See, e.g., N.T. (voir dire), at 227 ("Well, when you read it and then you see it on T.V., and everybody is condemning a person, you figure he's actually guilty."); id. at 356 ("Well, what I've done ___ from what I've read and everything else, I feel he's guilty right off the bat."); id. at 677 (Well, . . . based on articles in the newspaper and the television and everything leads up, I thought, to his guilt."); id. at 849 (opining that Appellant was guilty "[a]fter reading yesterday's paper, yes, I did"); id. at 1042 (expressing the opinion that the venireperson could not be fair and impartial "[b]ecause of the newspaper media, everything I have read and heard"); id. at 1088 (expressing the opinion, based on television and newspaper coverage that, "I think he's guilty"); id. at 1267 (indicating that the evidence demonstrated Appellant's guilt, based on print media account of DNA evidence); id. at 1350 ("I was under the impression that there was a confession to one of the crimes from the newspaper."); id. at 1398 (opining as to Appellant's guilt based on newspaper accounts); id. at 1808 (indicating that "[t]here's a feeling of guilt there," based on media coverage); id. at 1888 (noting that one of the crimes was "really publicized"); id. at 1955 ("I do feel he's guilty," based on media coverage); id. at 1970 ("He did it. So, I guess, from the news and the media, my immediate reaction was, like, he did it."); id. at 2070 (referencing an article indicating that Appellant "was either convicted or admitted to some other crime"); id. at 2142 ("I remember hearing about the time of the arrest that they were excited, or the possibility that we had our first serial killer"); id. at 2166 ("But I guess its more so the newspapers, the conversations you have at work. You kind of form an opinion. Whether you should nor shouldn't, you do form an opinion."); id. at 2190 (from media accounts and personal conversations, indicating "I feel there is some guilt there, yes."); id. at 2281 ("It seems that the defendant seems to be guilty, based on the information that seems to have been put out in the public media."); id. at 2307 ("I believe I said the newspaper information was leading that way, saying that he had done it."); id. at 2407 ("I can say from what I'm reading it appears that he is guilty."); id. at 2441-42 (expressing a fixed opinion of guilt based on media accounts); id. at 2564 ("In following the case, . . . if there's DNA evidence out there that is pointing in that direction, which I think there is, I think there's only one answer for it.").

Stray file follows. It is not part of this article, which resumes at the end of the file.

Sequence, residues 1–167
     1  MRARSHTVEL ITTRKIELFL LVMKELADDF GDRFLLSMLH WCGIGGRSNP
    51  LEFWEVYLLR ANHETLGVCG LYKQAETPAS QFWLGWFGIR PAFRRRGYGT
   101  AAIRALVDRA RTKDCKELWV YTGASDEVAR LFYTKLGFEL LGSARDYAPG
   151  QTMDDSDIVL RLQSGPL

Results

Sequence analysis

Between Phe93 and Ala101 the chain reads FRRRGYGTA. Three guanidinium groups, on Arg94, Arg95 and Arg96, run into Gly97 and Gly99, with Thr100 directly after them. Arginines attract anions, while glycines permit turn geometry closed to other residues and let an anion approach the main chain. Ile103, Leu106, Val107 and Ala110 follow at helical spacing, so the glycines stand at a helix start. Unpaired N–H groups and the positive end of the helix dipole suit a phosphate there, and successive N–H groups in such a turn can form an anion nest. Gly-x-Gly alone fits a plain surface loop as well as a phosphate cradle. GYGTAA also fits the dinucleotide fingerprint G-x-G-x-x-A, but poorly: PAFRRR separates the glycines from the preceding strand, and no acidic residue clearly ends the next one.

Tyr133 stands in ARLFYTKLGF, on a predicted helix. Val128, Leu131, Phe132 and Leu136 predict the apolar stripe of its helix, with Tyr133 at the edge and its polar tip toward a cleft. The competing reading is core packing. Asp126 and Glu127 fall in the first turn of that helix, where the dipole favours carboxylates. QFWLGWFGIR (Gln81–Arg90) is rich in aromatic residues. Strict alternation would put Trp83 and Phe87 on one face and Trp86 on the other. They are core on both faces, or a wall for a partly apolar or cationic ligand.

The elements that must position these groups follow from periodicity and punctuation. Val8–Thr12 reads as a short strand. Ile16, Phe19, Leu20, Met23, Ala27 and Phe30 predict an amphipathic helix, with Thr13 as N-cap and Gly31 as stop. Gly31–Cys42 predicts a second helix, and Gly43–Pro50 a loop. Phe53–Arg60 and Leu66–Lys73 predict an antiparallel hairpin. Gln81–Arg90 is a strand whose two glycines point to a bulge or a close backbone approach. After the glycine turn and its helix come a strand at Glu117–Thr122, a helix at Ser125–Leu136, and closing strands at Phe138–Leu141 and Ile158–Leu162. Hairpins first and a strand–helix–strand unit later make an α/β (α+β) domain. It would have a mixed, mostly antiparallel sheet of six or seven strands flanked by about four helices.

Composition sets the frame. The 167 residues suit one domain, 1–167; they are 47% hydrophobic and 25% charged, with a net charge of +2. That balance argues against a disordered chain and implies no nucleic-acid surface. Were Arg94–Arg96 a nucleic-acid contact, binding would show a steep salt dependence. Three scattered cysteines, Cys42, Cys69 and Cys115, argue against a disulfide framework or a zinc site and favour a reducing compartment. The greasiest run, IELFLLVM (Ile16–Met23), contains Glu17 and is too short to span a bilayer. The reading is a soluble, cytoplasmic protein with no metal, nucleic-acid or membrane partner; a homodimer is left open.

Like the severance question, I therefore view this issue as a close one in terms of whether the trial court exceeded the outer boundaries of its discretion, and would caution that careful consideration should be given, in circumstances involving highly publicized, notorious, alleged serial crimes, to a defense request for a change in venue in order to ensure a fair trial. Ultimately, however, I concur with the majority that the present verdict need not be disturbed on this ground, given the existence of a cooling-off period, and based on the trial court's extensive efforts to screen out venirepersons whose opinions were fixed.

It should be acknowledged, in this regard, that a significant number of venirepersons had read very recent articles concerning Appellant. The tenor of the voir dire, however, suggests that the more sensational coverage occurred contemporaneous with the crimes and Appellant's arrest. See, e.g., N.T., (voir dire) at 2609 (noting that the venireperson learned of Appellant's crimes "when it was a hot item but that it faded.").

Also related to voir dire, based on a typographical error in Appellant's brief, the majority declines to review his claim that his counsel erroneously conceded in jury selection that the case involved first-degree murders. See Majority Opinion at 212-14, 864 A.2d at 495. Since, however, the transcript reference to counsel's statement is discernable in conjunction with this Court's independent review of the record, see N.T. (voir dire), at 2541, I would not deny Appellant merits review of his claim on such basis. On the merits, while counsel's comment was directed to a juror who became seated at Appellant's trial, I believe that its context made it sufficiently ambiguous as to whether counsel was referring to the charges lodged against Appellant to negate Appellant's ability to demonstrate prejudice, particularly in light of the defense presented and the trial court's instructions in the trial that followed.
Finally, as to voir dire, I respectfully differ with the majority's characterization of Dr. Zager's relationship with Drs. Mihalakis and Ross, under who he trained during his recent residency and with whom he had interacted in a professional capacity, as a remote one. I agree only that Appellant has failed to show prejudice in relation to this claim, particularly considering the deference due the trial court's determination that the relationship was not so substantial as to warrant a presumption of prejudice.